MPR: Yeah. There are some things that I think Twitter as a platform could improve to improve conversation there, but I also think that even in the absence of action from Twitter, we get to decide how we use this tool, and it seems to me that the reason Twitter gets such a bad rap is that people want them to just fix it.
The way I talk about it is that they’re looking for a technical solution to a cultural problem, and so there are things I think that we can do to improve things. We talk about information silos and echo chambers. Well, instead of only following people who confirm our beliefs—which is a very common human cognitive bias, confirmation bias—we try to find people we can recognize as smart, intelligent, well-intentioned people who genuinely believe differently than we do, and so expose ourselves to different ways of viewing the world.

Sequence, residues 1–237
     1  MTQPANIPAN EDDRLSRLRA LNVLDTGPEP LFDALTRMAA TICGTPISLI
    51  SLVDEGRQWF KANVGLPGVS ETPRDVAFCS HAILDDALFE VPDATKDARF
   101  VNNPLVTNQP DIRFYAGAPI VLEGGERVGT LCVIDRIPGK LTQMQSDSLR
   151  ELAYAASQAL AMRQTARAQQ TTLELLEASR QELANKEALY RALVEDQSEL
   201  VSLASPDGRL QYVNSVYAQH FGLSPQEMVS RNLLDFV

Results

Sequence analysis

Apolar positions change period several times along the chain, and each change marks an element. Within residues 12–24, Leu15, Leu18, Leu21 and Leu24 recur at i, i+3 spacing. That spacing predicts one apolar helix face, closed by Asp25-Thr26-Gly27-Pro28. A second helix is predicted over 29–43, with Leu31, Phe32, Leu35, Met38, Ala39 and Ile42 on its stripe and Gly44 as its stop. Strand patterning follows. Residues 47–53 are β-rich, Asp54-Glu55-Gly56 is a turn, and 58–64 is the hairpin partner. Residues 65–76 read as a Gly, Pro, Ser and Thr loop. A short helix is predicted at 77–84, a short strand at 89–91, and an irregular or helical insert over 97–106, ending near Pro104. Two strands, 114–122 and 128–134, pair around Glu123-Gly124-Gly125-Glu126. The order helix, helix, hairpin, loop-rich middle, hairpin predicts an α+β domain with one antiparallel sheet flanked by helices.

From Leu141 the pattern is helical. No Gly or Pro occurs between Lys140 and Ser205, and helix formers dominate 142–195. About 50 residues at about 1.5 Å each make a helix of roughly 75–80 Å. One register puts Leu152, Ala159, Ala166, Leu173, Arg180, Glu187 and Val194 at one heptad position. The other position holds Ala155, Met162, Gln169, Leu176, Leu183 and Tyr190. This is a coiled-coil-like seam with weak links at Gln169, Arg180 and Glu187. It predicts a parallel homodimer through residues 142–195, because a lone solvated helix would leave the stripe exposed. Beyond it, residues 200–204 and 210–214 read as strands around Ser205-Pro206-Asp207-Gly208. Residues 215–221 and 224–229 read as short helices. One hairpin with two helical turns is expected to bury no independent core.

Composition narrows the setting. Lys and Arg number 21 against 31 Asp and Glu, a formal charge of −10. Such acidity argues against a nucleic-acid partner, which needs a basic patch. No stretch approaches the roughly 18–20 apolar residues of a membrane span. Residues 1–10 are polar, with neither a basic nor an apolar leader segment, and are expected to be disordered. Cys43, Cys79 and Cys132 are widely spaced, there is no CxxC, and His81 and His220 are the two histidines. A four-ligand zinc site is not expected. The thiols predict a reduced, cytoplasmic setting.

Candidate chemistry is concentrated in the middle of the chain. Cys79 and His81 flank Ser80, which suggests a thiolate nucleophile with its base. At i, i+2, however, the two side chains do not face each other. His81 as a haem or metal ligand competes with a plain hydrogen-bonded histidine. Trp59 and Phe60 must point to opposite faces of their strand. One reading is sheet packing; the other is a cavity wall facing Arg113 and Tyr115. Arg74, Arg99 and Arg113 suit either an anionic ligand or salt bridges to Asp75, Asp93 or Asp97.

For me on Twitter, the conversations that eventually changed my mind and helped me see outside of Westboro’s paradigm started with me going and attacking people, targeting people—people in Jewish communities initially—and their willingness to engage. And not everyone can do this well; it’s definitely a skill.
I would say that during all that time that I was on Twitter, the vast majority of the communication I was having on there was extremely negative, and yet that limited number of individuals who would ask questions, they didn’t assume bad intent.